Donald Trump has been banned from the city of Chicago
Earlier this week, President Donald Trump revoked the Deferred Action for Childhood Arrivals (DACA) scheme. DACA protected almost 800,000 'Dreamers', or young people who are the children of undocumented immigrants. The program allowed Dreamers to defer deportation by providing them with education and work.
Trump's Attorney General Jeff Sessions, a known opponent of DACA, announced the residence of the program. He said, “the policy was implemented unilaterally, to great controversy and legal concern”.
In response to the decision, Chicago's Mayor Rahm Emanuel has declared the city a "Trump-free zone". Emanuel tweeted a video of his response to Trump's announcement, which was recorded at Solorio Academy High School.
“To all the Dreamers that are here in this room, and in the city of Chicago, you are welcomed in the city of Chicago. This is your home and you have nothing to worry about,” Emanuel said.
Emanuel also spoke to a group of freshmen on their first day of classes.
"Chicago, our schools, our neighbourhoods, our city – as it relates to what president Trump said – is a Trump-free zone. You have nothing to worry about."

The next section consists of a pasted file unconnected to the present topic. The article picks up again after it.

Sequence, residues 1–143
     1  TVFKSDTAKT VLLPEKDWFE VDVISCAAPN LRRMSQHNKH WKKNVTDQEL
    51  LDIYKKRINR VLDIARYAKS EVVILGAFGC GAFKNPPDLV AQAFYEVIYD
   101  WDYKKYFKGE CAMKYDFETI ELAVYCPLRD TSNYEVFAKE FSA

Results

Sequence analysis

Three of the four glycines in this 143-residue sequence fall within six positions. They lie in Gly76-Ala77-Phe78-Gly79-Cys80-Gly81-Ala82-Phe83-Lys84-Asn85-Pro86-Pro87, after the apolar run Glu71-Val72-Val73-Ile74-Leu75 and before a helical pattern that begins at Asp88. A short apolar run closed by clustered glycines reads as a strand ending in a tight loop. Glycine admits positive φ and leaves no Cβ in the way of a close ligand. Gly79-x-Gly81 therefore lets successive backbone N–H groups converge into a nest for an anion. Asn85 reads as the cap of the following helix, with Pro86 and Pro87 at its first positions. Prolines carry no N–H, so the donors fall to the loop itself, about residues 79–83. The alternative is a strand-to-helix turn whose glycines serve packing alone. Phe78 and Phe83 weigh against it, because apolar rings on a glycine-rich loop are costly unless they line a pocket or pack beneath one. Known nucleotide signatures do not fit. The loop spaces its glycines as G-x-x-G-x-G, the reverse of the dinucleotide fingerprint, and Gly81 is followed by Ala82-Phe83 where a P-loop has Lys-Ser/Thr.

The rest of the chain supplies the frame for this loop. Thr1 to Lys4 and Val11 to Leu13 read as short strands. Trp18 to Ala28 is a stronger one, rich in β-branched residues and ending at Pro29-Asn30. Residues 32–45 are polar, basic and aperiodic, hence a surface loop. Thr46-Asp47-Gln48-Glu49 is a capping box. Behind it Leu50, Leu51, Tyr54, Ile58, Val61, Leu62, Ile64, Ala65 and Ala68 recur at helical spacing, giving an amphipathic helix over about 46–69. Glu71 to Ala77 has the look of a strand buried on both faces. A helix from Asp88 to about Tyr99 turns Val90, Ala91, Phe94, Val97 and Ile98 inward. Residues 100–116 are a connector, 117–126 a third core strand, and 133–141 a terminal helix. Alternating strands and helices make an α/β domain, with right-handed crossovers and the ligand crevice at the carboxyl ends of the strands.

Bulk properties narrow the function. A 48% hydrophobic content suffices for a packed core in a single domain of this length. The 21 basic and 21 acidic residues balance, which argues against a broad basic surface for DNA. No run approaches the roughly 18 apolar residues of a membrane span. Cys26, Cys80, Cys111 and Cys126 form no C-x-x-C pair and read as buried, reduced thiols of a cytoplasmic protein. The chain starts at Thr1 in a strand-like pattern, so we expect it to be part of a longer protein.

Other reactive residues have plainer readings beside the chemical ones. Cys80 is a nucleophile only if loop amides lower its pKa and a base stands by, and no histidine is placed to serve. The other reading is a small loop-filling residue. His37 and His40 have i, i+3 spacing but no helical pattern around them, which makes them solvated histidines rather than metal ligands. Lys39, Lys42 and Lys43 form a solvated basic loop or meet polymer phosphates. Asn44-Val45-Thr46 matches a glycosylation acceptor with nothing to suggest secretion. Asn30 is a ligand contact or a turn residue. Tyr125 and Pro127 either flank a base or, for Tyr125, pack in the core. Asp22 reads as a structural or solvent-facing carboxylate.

Trump's decision to end the policy was met with widespread disappointment, with public protests breaking out across the country. Former president Barack Obama, who implemented the program in 2012, wrote an emotional post about the decision on Facebook:
"To target these young people is wrong – because they have done nothing wrong. It is self-defeating – because they want to start new businesses, staff our labs, serve in our military, and otherwise contribute to the country we love. And it is cruel."
Emanuel showed similar compassion to the ambitions of the Dreamer community: “So, to all those who are part of what are referred to as DACA, or ‘Dreamers’, you will always be ‘Dreamers’ in the eyes of the city of Chicago because you have big dreams and we wan to be a part of those dreams,” he said.
The 787,580 Dreamers across the United States are largely from Latin America, and are aged between 15 and 36 years old. DACA will only be replaced if Congress passes legislation on the issue, and they have been given until March next year to reach a decision. This has been met with fears of a split between lawmakers who have to decide on the issue.
The people currently protected under DACA won't see any changes until next March. President Trump has indicated that he hopes for “an orderly transition and wind-down” of the DACA policy. Those currently working under DACA will be given two-year work permits, but new applications to the program will no longer be accepted.